The Truth about President Reagan
By: Bill O'Reilly & Martin DugardNovember 10, 2015
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Recently, the Washington Post published two columns attacking our book Killing Reagan.  We believe the hostile criticism is both misguided and disingenuous and is motivated by a small group of Reagan loyalists who are vehemently opposed to any objective look at the 40th President.

It should be noted that Killing Reagan is, on balance, a book that lauds the man but apparently that is not enough.  The Reagan cabal insists on deification.

The primary controversy has to do with a high level White House meeting held on March 2, 1987, in which President Reagan was under close scrutiny by his own advisors.

Battered by the Iran-Contra revelations and the resignation of Chief of Staff Donald Regan, Mr. Reagan was under siege by the media.  Just days before the meeting, incoming White House Chief of Staff Howard Baker tasked his assistant, James Cannon, with investigating how the White House was functioning.  Cannon's written report was shocking – it described an often disengaged president and an undisciplined environment in the Executive Branch, where underlings sometimes even forged the president's initials on documents.  That troubling assertion is specifically mentioned in The New York Times obituary of James Cannon, published on September 20, 2011.

Over the years, details about the crucial meeting emerged. On September 15, 1988, The Washington Post reported that President Reagan was depressed, inept and inattentive. The article went on to say: “the possibility of invoking the 25th Amendment to remove him from office was raised in a memo to Howard H. Baker Jr., who was just taking office as Reagan's chief of staff.”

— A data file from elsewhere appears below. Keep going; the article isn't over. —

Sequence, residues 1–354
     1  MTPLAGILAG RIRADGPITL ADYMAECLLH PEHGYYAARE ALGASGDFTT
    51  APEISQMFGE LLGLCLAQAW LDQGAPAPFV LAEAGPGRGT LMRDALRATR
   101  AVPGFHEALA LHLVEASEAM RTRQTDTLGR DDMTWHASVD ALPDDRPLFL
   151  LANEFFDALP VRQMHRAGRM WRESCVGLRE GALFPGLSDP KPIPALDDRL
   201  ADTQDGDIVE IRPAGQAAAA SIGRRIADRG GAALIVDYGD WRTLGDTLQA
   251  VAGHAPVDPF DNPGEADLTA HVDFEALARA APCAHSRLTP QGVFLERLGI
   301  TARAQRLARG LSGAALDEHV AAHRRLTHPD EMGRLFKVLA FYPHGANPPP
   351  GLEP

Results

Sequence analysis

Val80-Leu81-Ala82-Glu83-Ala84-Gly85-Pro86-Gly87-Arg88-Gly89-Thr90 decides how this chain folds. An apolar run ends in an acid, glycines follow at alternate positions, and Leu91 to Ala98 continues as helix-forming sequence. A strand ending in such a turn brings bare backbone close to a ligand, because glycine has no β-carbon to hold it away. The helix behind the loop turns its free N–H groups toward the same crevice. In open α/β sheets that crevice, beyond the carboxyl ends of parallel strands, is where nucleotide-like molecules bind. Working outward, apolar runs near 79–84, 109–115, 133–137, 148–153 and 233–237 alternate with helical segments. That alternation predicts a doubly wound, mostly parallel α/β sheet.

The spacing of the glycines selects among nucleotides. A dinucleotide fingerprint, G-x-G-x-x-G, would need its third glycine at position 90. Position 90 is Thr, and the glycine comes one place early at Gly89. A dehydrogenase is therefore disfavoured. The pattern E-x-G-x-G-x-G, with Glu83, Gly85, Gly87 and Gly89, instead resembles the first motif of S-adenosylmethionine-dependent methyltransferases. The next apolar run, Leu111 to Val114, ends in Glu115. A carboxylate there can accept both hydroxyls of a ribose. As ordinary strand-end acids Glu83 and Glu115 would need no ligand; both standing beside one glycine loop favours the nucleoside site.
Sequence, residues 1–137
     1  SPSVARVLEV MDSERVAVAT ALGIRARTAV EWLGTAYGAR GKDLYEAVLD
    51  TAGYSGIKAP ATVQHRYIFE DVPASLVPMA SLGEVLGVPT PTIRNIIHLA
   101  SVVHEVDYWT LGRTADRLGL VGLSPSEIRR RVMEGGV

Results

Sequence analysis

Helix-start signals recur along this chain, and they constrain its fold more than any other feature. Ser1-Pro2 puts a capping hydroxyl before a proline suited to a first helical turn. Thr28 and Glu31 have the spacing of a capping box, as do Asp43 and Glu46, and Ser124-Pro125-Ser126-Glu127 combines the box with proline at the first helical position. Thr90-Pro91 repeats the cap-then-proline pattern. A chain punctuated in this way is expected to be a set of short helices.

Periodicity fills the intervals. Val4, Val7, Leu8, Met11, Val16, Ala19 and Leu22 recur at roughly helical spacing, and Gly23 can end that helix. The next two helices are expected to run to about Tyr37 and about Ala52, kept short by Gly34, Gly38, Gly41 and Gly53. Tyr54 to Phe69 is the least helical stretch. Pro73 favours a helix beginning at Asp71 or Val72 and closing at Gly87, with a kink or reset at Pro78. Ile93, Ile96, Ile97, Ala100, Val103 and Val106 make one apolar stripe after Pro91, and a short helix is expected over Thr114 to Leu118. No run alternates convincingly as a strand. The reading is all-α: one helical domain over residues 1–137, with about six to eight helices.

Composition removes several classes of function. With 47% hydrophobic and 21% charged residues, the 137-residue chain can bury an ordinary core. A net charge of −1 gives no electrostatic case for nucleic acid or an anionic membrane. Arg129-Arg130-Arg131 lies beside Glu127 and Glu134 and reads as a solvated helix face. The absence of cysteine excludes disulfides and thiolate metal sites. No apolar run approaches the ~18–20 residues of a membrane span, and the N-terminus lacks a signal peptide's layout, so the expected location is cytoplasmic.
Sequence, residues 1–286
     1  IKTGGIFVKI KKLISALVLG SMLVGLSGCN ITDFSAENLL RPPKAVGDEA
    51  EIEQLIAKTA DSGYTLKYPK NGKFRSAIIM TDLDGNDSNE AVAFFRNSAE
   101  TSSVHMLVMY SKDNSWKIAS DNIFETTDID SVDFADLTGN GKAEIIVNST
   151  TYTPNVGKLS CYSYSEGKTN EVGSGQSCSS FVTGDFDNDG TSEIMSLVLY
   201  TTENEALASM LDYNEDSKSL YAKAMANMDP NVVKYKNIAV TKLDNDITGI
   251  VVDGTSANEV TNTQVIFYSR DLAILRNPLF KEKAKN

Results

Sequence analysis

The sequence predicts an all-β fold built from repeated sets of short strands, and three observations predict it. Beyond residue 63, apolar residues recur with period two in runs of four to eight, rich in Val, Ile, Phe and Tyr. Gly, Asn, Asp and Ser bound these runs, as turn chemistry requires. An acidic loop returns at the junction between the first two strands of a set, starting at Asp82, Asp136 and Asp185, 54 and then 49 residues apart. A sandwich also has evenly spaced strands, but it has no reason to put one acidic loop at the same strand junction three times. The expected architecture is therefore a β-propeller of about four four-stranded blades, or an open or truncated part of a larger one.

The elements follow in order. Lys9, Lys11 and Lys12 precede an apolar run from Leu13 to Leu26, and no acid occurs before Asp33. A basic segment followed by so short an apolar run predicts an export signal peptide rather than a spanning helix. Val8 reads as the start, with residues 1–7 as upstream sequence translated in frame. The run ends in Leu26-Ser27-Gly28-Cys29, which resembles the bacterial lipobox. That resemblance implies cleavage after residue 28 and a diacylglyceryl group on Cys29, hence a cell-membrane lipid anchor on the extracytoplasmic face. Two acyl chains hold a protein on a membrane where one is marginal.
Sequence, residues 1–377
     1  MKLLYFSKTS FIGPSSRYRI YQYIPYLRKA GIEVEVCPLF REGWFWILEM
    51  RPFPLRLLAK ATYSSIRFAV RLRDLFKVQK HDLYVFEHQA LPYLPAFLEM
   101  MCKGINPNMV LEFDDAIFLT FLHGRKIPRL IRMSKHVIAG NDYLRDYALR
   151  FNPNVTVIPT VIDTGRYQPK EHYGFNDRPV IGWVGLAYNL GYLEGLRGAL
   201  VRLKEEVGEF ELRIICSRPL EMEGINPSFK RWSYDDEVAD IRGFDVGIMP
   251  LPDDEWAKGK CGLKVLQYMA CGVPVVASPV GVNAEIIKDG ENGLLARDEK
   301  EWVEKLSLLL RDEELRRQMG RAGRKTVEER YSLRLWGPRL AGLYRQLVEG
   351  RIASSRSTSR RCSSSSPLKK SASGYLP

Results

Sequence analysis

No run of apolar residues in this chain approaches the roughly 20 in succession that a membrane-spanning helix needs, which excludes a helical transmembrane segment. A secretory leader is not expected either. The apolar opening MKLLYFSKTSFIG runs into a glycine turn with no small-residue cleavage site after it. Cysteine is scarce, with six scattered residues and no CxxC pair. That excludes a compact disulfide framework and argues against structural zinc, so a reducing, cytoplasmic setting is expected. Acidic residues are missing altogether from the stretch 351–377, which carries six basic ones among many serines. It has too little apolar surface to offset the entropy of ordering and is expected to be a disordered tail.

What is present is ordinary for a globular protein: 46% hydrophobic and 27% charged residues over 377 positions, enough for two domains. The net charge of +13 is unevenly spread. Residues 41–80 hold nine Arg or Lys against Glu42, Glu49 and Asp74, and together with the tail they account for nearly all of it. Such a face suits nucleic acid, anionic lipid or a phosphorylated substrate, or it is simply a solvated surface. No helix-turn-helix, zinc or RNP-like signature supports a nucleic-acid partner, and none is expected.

The 25th Amendment states that the president may be removed if he is "unable to discharge the powers and duties of his office."

The Post went on to directly quote Cannon’s recommendations to Baker from the memo’s opening paragraph: "Consider the possibility that section four of the 25th Amendment might be applied." 

Even one of Ronald Reagan’s closest friends and advisers, Michael Deaver, wrote about the meeting in his book Behind the Scenes. Deaver stated that Baker was warned if he accepted the position of White House Chief of Staff, “he would have to be prepared at any time to invoke the 25th Amendment.” 

Deaver went on to add that in Cannon’s view, Reagan was “on the brink of being physically and mentally incapable of carrying out his responsibilities.”

Baker was skeptical about Cannon's findings, feeling that some of the criticism was generated by White House staffers loyal to Donald Regan. However, he took them seriously enough to follow through on the assertions. In fact, Baker actually addressed the meeting of March 2ndwith the press: "Ladies and gentlemen, is this president fully in control of his presidency? Is he alert? Is he fully engaged? Is he in contact with the problems? I'm telling you, it's one day's experience, and maybe that's not enough, but today he was superb."

So it is beyond a reasonable doubt that the meeting of March 2, 1987 did occur. And it is also a hard fact that Howard Baker purposely scrutinized Ronald Reagan’s every movement at that meeting, searching for signs of mental and physical dissipation. However, as we write in Killing Reagan the president turned that meeting into a triumph. He demonstrated to Baker and his other advisors that he was totally in command of important issues.

It is preposterous to assert that there wasn’t an intense concern about the president’s mental state shortly after the Iran Contra scandal broke. That is a fact, and it is disturbing that Reagan loyalists have attacked us for pointing it out.

But here’s something ever more troubling: the report written by James Cannon has disappeared. It is not in the Reagan Library, nor is it to be found in the papers of Howard Baker and Cannon. It is clear to us that someone did not want history to record it. It is also clear that misguided people are trying to distort the record by covering up a very important time in Ronald Reagan’s presidency.

The irony is that President Reagan overcame the severe wounds he suffered on March 30, 1981, when John Hinckley tried to assassinate him. He did this by sheer will. Killing Reagan chronicles the president’s struggle and demonstrates his tremendous courage in bringing his second term to a successful close. The true story of Ronald Reagan is an amazing exposition that pinpoints the essence of a great man. It is a damn shame that some refuse to accept the compelling truth.

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